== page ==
Federal health insurance rules are a moving target, and it's unclear whether Republicans will take another run at replacing the Affordable Care Act. In the meantime, some states are staking out strong positions on coverage of abortion, cementing their position regardless of how the federal landscape changes.
Last Tuesday, Texas Gov. Greg Abbott, a Republican, signed a bill that prohibits insurers in individual and employer plans from covering abortion unless a woman's life is in danger. Women who want such coverage would have to buy a supplemental rider to their plan. That same day, Oregon Gov. Kate Brown, a Democrat, signed an expansive bill that requires health plans to cover reproductive health services, including contraceptive drugs, devices and procedures, without charging consumers anything out-of-pocket. Abortion is one of those services.
Neither of the new laws applies to the large companies that self-fund their health plans and pay their employees' claims directly rather than buy coverage from an insurer.
The federal Affordable Care Act probably deserves some of the credit or blame, depending on your point of view, in both cases.
"The ACA raised the profile of abortion coverage in private insurance," said Adam Sonfield, a senior policy manager at the Guttmacher Institute, a reproductive health research organization that supports abortion rights. The law allowed states to prohibit plans sold on the insurance marketplaces from covering abortion, and 25 states subsequently moved to restrict or prohibit it.
"Many states passed those laws pretty quickly" after 2010 when the ACA was passed, Sonfield said, "and other states took it further," banning or restricting abortion coverage in other private individual and group insurance plans. Ten states prohibit all private insurance plans from offering abortion coverage. Like Texas' law, in eight of those states the only exception is to save a woman's life. No allowances are made for rape, incest or fetal impairment.
"Taking the life of pre-born child, that doesn't change whether it's a case of rape or incest," said John Seago, legislative director of Texas Right to Life, which supported the bill.
Offering abortion coverage as a supplemental rider to an insurance plan would allow women to opt in if they want it, Seago said. The bill's supporters took their cues, he added, from other states such as Kansas, where restrictions have been in place for some time.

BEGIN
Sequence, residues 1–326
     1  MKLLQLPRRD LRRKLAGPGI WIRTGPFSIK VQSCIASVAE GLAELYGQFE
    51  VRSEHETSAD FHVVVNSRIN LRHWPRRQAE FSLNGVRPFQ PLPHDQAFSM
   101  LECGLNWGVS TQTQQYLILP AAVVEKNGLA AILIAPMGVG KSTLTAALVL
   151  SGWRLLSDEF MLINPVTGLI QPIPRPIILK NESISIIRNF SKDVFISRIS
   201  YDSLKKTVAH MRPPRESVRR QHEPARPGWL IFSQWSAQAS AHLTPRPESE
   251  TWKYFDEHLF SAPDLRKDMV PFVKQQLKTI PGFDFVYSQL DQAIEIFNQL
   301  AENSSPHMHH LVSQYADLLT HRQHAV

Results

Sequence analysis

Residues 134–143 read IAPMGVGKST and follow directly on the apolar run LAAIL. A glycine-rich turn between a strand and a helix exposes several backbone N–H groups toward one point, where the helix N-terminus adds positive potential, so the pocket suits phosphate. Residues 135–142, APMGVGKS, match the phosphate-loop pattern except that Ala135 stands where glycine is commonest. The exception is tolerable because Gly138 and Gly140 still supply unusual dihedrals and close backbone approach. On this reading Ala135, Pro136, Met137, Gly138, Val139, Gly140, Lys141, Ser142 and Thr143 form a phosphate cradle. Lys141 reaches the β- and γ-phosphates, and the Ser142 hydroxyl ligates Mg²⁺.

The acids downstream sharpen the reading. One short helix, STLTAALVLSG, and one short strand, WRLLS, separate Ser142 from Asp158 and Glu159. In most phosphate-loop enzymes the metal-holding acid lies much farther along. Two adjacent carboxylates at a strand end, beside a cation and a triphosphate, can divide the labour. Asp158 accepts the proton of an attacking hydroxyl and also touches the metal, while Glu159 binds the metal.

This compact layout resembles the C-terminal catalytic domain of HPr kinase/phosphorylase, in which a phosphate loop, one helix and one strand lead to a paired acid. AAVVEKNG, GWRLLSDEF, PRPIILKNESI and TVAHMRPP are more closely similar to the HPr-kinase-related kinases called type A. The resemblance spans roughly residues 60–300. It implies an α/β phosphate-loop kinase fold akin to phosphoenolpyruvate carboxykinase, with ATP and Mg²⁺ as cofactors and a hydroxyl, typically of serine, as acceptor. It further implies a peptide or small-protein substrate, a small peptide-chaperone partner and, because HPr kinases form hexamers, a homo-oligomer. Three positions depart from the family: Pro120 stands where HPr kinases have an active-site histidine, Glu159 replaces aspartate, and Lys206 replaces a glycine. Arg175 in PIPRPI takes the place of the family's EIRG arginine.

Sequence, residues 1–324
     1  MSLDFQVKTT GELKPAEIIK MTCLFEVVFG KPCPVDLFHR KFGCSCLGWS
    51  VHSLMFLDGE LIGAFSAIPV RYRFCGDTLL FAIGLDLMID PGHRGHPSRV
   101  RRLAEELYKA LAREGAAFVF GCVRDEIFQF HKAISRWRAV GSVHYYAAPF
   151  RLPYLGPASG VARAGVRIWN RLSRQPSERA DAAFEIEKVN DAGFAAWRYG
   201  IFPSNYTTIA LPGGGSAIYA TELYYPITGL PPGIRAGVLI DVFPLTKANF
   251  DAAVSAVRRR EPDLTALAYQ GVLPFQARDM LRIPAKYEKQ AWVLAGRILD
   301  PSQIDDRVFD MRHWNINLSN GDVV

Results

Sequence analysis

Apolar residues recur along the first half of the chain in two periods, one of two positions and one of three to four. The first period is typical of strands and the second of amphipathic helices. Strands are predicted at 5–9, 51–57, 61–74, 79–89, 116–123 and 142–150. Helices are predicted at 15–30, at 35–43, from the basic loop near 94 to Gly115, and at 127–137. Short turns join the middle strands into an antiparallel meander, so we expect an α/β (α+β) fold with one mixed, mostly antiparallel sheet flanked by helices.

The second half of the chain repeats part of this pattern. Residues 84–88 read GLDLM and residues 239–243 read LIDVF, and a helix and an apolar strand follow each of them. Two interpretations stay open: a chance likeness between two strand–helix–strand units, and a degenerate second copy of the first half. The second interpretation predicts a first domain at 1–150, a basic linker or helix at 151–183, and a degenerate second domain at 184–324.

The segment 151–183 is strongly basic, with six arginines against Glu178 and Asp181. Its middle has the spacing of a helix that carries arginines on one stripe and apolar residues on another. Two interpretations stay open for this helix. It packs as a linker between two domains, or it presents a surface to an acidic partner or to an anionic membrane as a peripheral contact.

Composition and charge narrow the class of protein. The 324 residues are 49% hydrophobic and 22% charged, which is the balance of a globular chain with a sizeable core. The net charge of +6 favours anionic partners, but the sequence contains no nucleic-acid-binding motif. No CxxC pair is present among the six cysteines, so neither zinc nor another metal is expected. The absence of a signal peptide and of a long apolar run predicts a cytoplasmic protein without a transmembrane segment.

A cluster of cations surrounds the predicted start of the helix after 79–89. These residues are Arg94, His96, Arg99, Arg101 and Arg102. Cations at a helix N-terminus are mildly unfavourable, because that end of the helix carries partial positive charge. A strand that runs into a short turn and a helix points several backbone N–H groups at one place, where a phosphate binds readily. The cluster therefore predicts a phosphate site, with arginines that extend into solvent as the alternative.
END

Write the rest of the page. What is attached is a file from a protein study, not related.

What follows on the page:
Blue Cross Blue Shield of Kansas offers a supplemental abortion policy for group plans — but not individual plans — that costs roughly $80 per member annually, said spokeswoman Mary Beth Chambers.
But abortion rights advocates say that with few exceptions supplemental insurance riders for abortion coverage simply aren't available.
They liken the situation to the problems women faced getting maternity coverage before the ACA passed. Individual policies generally did not cover maternity expenses so women who didn't get coverage through work would have to buy a rider to cover those costs. Often, though, they weren't offered by insurers or were prohibitively expensive. The ACA required maternity coverage in all individual and small-group plans. An analysis by the National Women's Law Center found that only 7 percent of individual plans offered those riders in 2012.
And while women may have ben able to plan ahead to purchase coverage for a pregnancy, "no one wants to think they're going to need an abortion this year," Sonfield said. "It's not something you want to plan for."
The ACA was a force behind Oregon's new law as well, advocates say.
"In other years, this could have been a can that could be kicked down the road," said Grayson Dempsey, executive director of Naral Pro-Choice Oregon, whose organization was part of a coalition of advocacy groups that worked on the law. "Instead, now there was a real urgency to get it done."
The Trump administration is expected to release a revised rule within days that will roll back ACA provisions requiring most employers and insurers to cover contraceptives without cost-sharing. The rule is expected to allow any organization that has religious or moral objections to covering birth control to stop doing so.
The Oregon law requires health plans to cover women's reproductive health services without charging them anything out-of-pocket. It covers all contraceptives approved by the Food and Drug Administration, including vasectomies. Most controversially, it also covers abortion.
An opponent of the law said it will probably lead to more abortions. "When you make something free, it's potentially accessed more," said Liberty Pike, communications director at Oregon Right to Life. Pike said her organization feared that young women would use abortion as birth control.
The organization doesn't have a position on the other elements of the new law, Pike said.
The law has a caveat that allows insurers to offer plans that don't cover contraceptives or provide abortions to religious employers, such as churches.
Two other states, New York and California, require nearly all health plans to cover abortion services, said Gretchen Borchelt, vice president for reproductive rights and health at the National Women's Law Center.
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This article was reprinted from kaiserhealthnews.org with permission from the Henry J. Kaiser Family Foundation. Kaiser Health News, an editorially independent news service, is a program of the Kaiser Family Foundation, a nonpartisan health care policy research organization unaffiliated with Kaiser Permanente.